USA – Eli Lilly and Co has announced its plans to seek U.S. approval for its experimental Alzheimer’s disease drug by year end and believes the treatment could be favored by doctors once it becomes available to patients.
A landmark U.S. approval of Biogen Inc’s Alzheimer’s drug in June has boosted the chances for other medicines that clear plaques from the brain. Several companies including Lilly have been hoping to bring similar drugs to market.
Eli Lilly said mid-stage data it plans to submit to regulators for its donanemab showed that the drug more effectively cleared amyloid beta brain plaques than any other treatment.
“If you believe that lowering amyloid plaque is a good thing to do, you’re going to want the drug that lowers amyloid plaque the most,” Chief Scientific Officer Daniel Skovronsky told investors on a call to discuss quarterly results.
“There will be some physicians, I’m sure as are today, who still say I don’t want to use a drug until I have cognitive data,” Skovronsky added.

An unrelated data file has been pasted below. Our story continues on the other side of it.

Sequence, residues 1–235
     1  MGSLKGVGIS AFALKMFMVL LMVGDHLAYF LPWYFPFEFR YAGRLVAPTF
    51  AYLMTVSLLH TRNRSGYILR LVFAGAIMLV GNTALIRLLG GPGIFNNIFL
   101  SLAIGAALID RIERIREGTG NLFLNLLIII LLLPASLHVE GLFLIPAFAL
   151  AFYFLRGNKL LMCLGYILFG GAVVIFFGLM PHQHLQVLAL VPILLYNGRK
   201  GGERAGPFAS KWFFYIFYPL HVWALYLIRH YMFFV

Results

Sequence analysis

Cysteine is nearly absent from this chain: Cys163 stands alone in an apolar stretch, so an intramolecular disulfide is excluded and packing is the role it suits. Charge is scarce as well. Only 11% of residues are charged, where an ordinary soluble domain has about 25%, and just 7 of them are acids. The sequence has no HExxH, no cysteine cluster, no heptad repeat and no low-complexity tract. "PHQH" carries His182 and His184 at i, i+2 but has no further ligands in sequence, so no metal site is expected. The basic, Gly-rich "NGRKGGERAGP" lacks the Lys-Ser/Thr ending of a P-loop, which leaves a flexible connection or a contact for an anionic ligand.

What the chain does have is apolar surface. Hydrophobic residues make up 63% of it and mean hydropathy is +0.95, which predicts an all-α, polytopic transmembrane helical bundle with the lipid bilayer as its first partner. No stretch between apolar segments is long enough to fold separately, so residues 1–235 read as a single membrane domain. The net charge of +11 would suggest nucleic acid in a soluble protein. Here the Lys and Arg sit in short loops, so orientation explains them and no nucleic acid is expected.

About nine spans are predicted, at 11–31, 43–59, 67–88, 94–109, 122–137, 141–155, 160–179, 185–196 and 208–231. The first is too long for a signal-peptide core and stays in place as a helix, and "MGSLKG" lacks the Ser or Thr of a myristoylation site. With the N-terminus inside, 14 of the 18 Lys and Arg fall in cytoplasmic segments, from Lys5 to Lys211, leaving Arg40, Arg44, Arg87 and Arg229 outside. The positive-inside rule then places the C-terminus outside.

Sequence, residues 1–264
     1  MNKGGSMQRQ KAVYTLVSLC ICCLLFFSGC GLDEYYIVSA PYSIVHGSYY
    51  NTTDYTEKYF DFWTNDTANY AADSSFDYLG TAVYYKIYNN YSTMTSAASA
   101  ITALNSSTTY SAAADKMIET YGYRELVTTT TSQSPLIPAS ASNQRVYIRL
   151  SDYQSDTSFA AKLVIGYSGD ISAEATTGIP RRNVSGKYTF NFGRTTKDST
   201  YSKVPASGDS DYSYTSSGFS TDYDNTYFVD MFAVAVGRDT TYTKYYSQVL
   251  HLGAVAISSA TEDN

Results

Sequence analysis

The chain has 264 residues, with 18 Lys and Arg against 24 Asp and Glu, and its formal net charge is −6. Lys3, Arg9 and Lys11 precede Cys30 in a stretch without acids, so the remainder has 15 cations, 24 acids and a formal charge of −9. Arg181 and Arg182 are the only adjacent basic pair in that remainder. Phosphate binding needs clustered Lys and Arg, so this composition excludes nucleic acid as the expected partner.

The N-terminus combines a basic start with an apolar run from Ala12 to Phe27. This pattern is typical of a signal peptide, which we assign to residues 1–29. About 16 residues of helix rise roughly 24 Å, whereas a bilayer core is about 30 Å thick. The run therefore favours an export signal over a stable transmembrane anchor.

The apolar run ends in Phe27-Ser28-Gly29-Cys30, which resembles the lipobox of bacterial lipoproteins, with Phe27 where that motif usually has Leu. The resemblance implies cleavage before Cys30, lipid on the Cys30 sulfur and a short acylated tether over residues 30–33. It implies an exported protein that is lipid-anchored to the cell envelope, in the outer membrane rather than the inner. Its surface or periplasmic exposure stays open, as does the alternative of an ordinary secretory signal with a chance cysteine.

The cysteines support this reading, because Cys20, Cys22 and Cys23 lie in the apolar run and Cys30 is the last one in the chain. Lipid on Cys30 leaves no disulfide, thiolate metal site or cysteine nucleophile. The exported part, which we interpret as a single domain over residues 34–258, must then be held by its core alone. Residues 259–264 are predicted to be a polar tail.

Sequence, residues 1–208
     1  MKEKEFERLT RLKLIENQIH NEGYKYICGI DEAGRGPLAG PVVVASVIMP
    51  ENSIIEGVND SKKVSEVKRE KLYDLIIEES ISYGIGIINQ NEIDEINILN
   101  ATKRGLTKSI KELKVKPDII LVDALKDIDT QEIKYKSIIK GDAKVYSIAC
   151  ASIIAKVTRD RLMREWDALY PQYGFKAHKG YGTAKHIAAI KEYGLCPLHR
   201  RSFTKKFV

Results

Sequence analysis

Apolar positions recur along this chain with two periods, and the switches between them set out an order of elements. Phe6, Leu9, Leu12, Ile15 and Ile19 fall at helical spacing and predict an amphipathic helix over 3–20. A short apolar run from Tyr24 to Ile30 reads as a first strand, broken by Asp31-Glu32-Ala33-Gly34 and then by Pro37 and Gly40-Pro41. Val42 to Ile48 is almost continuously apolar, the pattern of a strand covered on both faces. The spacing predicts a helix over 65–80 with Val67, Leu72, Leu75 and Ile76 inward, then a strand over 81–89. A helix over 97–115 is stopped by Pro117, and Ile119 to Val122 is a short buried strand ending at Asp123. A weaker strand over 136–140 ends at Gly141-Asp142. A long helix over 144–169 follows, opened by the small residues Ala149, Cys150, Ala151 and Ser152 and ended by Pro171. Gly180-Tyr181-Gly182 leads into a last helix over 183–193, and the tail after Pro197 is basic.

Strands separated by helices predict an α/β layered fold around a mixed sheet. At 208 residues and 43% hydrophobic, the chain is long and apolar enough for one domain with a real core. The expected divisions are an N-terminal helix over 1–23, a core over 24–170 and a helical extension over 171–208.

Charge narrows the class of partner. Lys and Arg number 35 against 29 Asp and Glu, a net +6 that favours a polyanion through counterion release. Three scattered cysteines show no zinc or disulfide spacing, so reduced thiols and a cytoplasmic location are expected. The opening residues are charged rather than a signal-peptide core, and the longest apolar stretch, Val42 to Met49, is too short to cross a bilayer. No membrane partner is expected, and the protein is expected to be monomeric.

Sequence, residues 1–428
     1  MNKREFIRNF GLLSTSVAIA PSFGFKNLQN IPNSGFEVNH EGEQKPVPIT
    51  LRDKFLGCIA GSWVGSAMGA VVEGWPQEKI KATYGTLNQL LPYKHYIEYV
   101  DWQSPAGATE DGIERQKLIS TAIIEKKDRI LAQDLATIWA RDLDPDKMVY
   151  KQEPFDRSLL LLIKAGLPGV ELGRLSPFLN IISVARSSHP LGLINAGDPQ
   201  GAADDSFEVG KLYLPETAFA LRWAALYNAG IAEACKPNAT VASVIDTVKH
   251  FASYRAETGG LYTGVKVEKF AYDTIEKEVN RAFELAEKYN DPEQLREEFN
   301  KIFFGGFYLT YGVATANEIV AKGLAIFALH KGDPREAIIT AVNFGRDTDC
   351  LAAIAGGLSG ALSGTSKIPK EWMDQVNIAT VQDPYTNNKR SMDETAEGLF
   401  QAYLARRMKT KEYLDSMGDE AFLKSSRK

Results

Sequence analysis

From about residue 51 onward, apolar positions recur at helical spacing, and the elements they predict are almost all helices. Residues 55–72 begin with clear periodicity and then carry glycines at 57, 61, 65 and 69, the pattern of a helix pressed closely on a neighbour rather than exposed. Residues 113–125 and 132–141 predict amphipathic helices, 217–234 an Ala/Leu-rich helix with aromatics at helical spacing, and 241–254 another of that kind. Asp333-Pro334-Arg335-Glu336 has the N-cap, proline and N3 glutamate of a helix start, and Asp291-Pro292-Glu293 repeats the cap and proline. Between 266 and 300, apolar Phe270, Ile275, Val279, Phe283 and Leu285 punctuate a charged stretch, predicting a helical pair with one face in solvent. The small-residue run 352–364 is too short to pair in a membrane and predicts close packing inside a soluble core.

The U.S. Food and Drug Administration has come under heavy criticism for approving the Biogen drug without definitive evidence of patient benefit and over the objections of its own panel of outside experts.
The Food and Drug Administration (FDA) approved the drug, despite strong objection from its own expert advisory panel, for all patients with Alzheimer’s, although it has only been tested for patients in the early stages of the disease.
Lilly said it was conducting a Phase III trial to prove the drug also helps slow cognitive decline in patients, and expects that study to be completed by 2023.
The FDA approved Biogen’s Aduhelm on June 7, using its accelerated approval pathway, which requires a study to confirm the drug works as intended against the fatal mind-wasting disease that afflicts millions of Americans.
While the FDA nod was initially hailed by patient associations and doctors long awaiting a treatment, it is now subject of a Congressional probe into the controversial approval process and the agency’s relationship with Biogen.
“We have serious concerns about the steep price of Biogen’s new Alzheimer’s drug Aduhelm and the process that led to its approval despite questions about the drug’s clinical benefit,” House Committee on Oversight and Reform said in a statement.
In the second quarter, Lilly missed analysts’ profit estimates due to low demand for its COVID-19 antibody drugs, which have been dented by the U.S. vaccine rollout.
U.S. regulators in late June halted distribution of the treatment due to low effectiveness against some highly contagious coronavirus variants that have emerged.
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